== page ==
Note: Penguin Random House sent me this e-book via First to Read for free in exchange for my honest review.
1838: James and Sadie Goodenough have settled where their wagon got stuck – in the muddy, stagnant swamps of northwest Ohio. They and their five children work relentlessly to tame their patch of land, buying saplings from a local tree man known as John Appleseed so they can cultivate the fifty apple trees required to stake their claim on the property. But the orchard they plant sows the seeds of a long battle. James loves the apples, reminders of an easier life back in Connecticut; while Sadie prefers the applejack they make, an alcoholic refuge from brutal frontier life.
1853: Their youngest child Robert is wandering through Gold Rush California. Restless and haunted by the broken family he left behind, he has made his way alone across the country. In the redwood and giant sequoia groves he finds some solace, collecting seeds for a naturalist who sells plants from the new world to the gardeners of England. But you can run only so far, even in America, and when Robert’s past makes an unexpected appearance he must decide whether to strike out again or stake his own claim to a home at last.
‘At The Edge of The Orchard’ is written in a mixture of first person past limited and third person. The first person is told from Sandie Goodenough’s point of view with a disgruntled, slighted nature, and a bitter tone. While the third person follows one of two characters: James Goodenough and Robert Goodenough with less voice than the first person. There are also letters written by some of the characters throughout the book, adding to the variety of voices and the style of the story telling.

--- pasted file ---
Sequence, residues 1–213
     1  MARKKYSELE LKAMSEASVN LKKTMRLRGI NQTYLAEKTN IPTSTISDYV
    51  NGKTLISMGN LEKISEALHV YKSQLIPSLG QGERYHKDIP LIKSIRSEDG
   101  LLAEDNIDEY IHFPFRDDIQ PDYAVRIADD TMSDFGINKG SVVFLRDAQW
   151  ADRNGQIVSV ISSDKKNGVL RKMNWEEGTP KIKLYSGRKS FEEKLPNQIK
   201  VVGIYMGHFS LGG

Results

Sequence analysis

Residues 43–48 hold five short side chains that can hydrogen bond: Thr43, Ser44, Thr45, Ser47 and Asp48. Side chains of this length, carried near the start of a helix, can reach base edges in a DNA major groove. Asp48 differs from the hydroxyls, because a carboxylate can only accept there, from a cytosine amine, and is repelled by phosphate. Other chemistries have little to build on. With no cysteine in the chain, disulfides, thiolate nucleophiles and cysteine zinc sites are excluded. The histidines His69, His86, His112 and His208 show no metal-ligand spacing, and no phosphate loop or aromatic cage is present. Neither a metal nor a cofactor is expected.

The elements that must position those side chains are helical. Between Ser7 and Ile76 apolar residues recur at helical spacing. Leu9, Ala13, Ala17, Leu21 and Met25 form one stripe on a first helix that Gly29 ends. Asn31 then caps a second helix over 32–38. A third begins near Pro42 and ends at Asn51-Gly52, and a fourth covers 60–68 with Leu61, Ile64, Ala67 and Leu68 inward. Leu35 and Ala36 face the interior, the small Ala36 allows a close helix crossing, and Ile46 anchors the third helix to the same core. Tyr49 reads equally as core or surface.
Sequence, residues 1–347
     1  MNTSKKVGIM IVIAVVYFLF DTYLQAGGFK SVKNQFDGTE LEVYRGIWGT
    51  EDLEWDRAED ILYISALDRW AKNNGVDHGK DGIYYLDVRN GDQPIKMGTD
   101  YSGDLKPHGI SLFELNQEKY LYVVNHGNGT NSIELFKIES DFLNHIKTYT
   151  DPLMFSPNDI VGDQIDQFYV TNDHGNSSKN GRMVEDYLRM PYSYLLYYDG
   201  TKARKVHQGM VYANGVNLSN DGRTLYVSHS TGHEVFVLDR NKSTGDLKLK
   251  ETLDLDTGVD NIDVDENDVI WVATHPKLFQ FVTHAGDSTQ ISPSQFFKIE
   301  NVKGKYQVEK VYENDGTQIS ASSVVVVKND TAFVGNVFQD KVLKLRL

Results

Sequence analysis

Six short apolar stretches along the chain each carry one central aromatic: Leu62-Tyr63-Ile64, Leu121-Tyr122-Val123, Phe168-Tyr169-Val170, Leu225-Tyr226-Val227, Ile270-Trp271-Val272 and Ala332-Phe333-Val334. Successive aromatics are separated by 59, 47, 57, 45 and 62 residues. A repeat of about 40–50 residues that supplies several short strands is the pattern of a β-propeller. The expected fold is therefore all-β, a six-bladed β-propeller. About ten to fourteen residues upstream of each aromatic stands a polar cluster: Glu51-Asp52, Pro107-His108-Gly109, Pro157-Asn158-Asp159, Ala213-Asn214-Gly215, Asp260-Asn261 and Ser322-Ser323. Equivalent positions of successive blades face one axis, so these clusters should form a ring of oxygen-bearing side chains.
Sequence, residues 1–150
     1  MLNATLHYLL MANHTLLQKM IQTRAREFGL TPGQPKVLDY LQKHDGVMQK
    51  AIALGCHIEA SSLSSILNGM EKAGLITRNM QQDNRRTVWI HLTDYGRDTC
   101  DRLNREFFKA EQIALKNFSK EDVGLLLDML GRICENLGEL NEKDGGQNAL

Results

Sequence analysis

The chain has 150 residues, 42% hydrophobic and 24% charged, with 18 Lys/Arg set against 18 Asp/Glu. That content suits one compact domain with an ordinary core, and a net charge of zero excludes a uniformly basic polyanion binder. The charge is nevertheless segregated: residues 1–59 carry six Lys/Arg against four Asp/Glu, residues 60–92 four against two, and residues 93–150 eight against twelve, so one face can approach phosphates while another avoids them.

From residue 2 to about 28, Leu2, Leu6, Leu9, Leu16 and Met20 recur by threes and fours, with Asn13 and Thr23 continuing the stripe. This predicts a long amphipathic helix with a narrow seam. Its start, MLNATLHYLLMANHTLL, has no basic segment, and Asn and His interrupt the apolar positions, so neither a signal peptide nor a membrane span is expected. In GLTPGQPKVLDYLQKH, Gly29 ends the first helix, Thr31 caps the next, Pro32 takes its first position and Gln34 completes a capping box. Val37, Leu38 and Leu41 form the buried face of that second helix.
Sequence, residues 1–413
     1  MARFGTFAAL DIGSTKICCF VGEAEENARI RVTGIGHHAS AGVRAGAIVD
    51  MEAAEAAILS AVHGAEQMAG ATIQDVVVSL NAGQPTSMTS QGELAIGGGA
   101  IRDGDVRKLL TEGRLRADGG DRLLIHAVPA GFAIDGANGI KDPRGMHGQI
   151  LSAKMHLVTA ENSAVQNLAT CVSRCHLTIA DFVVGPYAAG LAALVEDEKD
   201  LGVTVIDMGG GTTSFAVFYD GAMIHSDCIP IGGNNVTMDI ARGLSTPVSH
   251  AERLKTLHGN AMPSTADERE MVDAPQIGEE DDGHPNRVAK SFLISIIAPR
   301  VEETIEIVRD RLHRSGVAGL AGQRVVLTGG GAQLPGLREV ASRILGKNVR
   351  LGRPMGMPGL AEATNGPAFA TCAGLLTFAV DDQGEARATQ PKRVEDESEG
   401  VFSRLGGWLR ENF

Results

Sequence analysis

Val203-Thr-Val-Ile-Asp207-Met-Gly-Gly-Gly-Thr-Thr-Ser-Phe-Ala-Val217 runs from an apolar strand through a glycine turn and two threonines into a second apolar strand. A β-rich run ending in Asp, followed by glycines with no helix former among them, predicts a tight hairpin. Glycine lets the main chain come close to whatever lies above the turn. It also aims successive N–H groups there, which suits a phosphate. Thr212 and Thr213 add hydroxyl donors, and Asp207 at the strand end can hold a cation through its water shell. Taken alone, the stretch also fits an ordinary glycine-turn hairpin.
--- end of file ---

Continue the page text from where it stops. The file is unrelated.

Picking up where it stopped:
Pacing: The pacing of the novel is a unique flavor as it bounces back and forth between the two generations: parents and children. Thus, events are offered in a way to pique and satiate interest. In this way, the reader remains invested in the story throughout the book as the generations melt from one to the next rather than abruptly shifting.
World: The world is limited, but understandably so. Given its setting in America during the mid-1800s when much of the land was still being discovered and settled, there is quite a bit the author does not describe. Even then, the details are carefully chosen. Only certain parts of the scenery are highlighted, adding an emphasis on them and ignoring the distracting, irrelevant details of the rest.
Writing: The writing is casual, following the patterns of how people think: one thought to the next. Sometimes seamless. Sometimes abrupt. Sometimes important. Sometimes pointless. Yet, not dry, nor dull, nor boring. It gives appropriate emphasis to things that matter and to the characters’ personalities, shaping what they care about. The casual manner makes for an easy read.
Non-Spoilered Plot: America in the mid-1800s was a time for venturing west and finding a place and a name and maybe some gold for oneself. Though, life can be tough for an apple farmer in an area not hospitable to apple trees. Yet, parents will do anything they can to provide for their children and offer them the best future they can.
Character: The three main characters given voice and precedence in the book are Sadie Goodenough(mother), James Goodenough(father), and Robert Goodenough(son). Each character may experience the same circumstances, but it’s because of their age and their background that their voices change and morph because of these circumstances. In so doing, their varying voices add an array of detail and understanding of the story, the events, and the other characters. Most importantly, all the characters act, react, and interact in reliable and realistic ways.